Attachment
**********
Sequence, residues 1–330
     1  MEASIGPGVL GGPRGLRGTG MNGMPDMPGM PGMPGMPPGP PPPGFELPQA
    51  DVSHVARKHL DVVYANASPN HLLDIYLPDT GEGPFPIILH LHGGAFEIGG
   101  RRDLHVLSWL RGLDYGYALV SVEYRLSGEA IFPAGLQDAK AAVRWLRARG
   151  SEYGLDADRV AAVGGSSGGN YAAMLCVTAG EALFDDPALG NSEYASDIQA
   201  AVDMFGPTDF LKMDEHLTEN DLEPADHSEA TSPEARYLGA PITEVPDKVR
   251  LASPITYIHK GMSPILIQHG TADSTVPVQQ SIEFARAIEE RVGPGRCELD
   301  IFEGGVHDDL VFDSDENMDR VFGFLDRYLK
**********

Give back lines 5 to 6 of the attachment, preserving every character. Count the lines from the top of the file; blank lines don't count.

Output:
   151  SEYGLDADRV AAVGGSSGGN YAAMLCVTAG EALFDDPALG NSEYASDIQA
   201  AVDMFGPTDF LKMDEHLTEN DLEPADHSEA TSPEARYLGA PITEVPDKVR